In light of these developments, Apollo instructed Cooper to inform Chairman Che that Apollo wanted to meet with him again, but that Apollo would do so only after the closing in October. Apollo also instructed Cooper’s CEO to meet with Chairman Che and tell him that neither Cooper nor Apollo had anything of substance to offer him, other than wanting to help bridge the relationship between Apollo and the Chinese partner.

Cooper representatives met with Chairman Che on July 10 and conveyed Apollo’s message. Within days, however, it became clear that the message was not well received. On July 11, the union sent a letter to Standard Chartered Bank, one of the banks providing financing for the merger, asking that it reconsider its participation given supposed “significant reputational risks to your bank amid such complex situation!” On July 12, the union sent a second open letter to Cooper’s employees and placed a paid advertisement in The Wall Street Journal criticizing the deal. Also on July 12, the union resumed its general labor strike. Meanwhile, Cooper’s representatives were denied access to the Chengshan JV’s facilities and financial records, and the Chinese partner has filed suit in China to dissolve the joint venture.

What caused such an immediate, comprehensive and ongoing reaction from Cooper’s Chinese partner? First, it could be, as Kanwar said, that the Chinese partner wants something from the deal, and that its resistance to the merger is a way to get a seat at the table. Secondly, it could be that the Chinese partner truly believes that the deal is bad for the joint venture. The Chengshan JV is now implementing a $125 million expansion plan that it expects to result in increased revenues of $640 million after the plan is completed in 2014. A heavily leveraged Cooper/Apollo might put undue financial pressure on the company, forcing a delay or curtailment of this expansion. And finally, the Chinese partner could be miffed that it did not have an opportunity to bid for Cooper itself. The Chinese partner had apparently expressed an interest in doing so, but its offer had not been pursued by Cooper.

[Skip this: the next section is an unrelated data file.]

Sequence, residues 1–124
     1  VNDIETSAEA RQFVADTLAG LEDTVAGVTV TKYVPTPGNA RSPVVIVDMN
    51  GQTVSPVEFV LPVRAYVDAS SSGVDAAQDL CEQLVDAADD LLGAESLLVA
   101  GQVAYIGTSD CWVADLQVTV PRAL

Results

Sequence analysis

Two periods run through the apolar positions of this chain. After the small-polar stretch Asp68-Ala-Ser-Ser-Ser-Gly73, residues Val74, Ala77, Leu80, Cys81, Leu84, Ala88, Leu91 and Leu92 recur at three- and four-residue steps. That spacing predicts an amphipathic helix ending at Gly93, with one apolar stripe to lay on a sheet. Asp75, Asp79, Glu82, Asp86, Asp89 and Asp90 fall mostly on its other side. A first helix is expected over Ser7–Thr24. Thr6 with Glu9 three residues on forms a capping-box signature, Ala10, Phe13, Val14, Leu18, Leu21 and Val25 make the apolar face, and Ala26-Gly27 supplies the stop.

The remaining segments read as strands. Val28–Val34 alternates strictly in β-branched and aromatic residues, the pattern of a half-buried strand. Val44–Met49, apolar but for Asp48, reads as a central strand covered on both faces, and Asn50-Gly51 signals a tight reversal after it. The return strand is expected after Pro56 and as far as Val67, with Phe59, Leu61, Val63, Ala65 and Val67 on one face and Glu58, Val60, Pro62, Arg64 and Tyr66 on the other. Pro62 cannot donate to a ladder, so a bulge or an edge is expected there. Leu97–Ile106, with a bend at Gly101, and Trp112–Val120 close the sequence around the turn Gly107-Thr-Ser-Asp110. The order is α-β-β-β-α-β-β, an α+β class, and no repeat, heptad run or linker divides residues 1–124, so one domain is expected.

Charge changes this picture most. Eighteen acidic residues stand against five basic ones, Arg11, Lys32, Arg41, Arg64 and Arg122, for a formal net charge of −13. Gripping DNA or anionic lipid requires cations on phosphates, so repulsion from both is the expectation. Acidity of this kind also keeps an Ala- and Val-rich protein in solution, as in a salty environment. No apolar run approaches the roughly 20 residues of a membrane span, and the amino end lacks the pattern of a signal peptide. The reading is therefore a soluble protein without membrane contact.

All of the above factors have undoubtedly played a role, but I suspect there is a fourth factor at work — Chairman Che does not feel that he was treated fairly and with respect. After the May 15 meeting, he would have expected some type of response to whatever it was that he requested at the meeting. Instead, the merger announcement went ahead without any such response, and he was told that he would not even have an opportunity to meet with his new partner again until after the merger was completed. In China, differences often arise between the foreign and Chinese partners. In most cases, however, no matter how far apart the two sides may seem to be, these issues can be worked out through mutual discussion — if, and only if, the critical ingredient of mutual respect is firmly in place.

I have no doubt that Apollo and its senior management respect Chairman Che and the Chinese partner in the Chengshan JV. Unfortunately, their actions conveyed the opposite impression.